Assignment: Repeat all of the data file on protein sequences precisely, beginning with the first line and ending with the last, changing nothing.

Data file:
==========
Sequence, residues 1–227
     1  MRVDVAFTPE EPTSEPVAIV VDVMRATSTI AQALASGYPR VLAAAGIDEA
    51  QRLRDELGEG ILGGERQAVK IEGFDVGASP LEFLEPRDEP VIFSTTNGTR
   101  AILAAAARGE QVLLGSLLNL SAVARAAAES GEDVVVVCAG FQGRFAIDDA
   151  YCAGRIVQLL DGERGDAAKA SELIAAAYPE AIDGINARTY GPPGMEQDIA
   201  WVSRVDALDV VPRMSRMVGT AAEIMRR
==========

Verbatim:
Sequence, residues 1–227
     1  MRVDVAFTPE EPTSEPVAIV VDVMRATSTI AQALASGYPR VLAAAGIDEA
    51  QRLRDELGEG ILGGERQAVK IEGFDVGASP LEFLEPRDEP VIFSTTNGTR
   101  AILAAAARGE QVLLGSLLNL SAVARAAAES GEDVVVVCAG FQGRFAIDDA
   151  YCAGRIVQLL DGERGDAAKA SELIAAAYPE AIDGINARTY GPPGMEQDIA
   201  WVSRVDALDV VPRMSRMVGT AAEIMRR